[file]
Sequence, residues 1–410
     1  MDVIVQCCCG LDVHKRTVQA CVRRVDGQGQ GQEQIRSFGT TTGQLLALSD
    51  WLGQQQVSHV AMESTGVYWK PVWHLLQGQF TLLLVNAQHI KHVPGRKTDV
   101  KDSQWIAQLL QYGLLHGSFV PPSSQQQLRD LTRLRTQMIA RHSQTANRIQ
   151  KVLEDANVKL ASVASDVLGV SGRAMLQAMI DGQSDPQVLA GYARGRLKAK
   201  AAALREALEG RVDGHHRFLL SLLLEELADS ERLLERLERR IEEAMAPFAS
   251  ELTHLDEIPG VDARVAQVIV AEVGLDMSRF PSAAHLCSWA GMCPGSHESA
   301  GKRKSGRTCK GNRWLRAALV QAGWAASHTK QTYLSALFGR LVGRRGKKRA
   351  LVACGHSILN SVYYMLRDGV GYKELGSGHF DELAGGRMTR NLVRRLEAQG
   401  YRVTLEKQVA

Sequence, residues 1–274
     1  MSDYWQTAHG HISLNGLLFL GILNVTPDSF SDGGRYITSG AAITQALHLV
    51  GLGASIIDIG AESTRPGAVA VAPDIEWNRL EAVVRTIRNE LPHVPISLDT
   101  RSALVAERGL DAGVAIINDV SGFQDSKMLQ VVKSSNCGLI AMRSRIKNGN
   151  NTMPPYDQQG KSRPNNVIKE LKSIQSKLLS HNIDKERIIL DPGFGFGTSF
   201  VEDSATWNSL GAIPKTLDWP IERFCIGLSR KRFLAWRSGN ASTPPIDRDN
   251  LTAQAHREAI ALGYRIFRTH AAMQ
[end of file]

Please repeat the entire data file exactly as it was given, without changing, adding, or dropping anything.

Sequence, residues 1–410
     1  MDVIVQCCCG LDVHKRTVQA CVRRVDGQGQ GQEQIRSFGT TTGQLLALSD
    51  WLGQQQVSHV AMESTGVYWK PVWHLLQGQF TLLLVNAQHI KHVPGRKTDV
   101  KDSQWIAQLL QYGLLHGSFV PPSSQQQLRD LTRLRTQMIA RHSQTANRIQ
   151  KVLEDANVKL ASVASDVLGV SGRAMLQAMI DGQSDPQVLA GYARGRLKAK
   201  AAALREALEG RVDGHHRFLL SLLLEELADS ERLLERLERR IEEAMAPFAS
   251  ELTHLDEIPG VDARVAQVIV AEVGLDMSRF PSAAHLCSWA GMCPGSHESA
   301  GKRKSGRTCK GNRWLRAALV QAGWAASHTK QTYLSALFGR LVGRRGKKRA
   351  LVACGHSILN SVYYMLRDGV GYKELGSGHF DELAGGRMTR NLVRRLEAQG
   401  YRVTLEKQVA

Sequence, residues 1–274
     1  MSDYWQTAHG HISLNGLLFL GILNVTPDSF SDGGRYITSG AAITQALHLV
    51  GLGASIIDIG AESTRPGAVA VAPDIEWNRL EAVVRTIRNE LPHVPISLDT
   101  RSALVAERGL DAGVAIINDV SGFQDSKMLQ VVKSSNCGLI AMRSRIKNGN
   151  NTMPPYDQQG KSRPNNVIKE LKSIQSKLLS HNIDKERIIL DPGFGFGTSF
   201  VEDSATWNSL GAIPKTLDWP IERFCIGLSR KRFLAWRSGN ASTPPIDRDN
   251  LTAQAHREAI ALGYRIFRTH AAMQ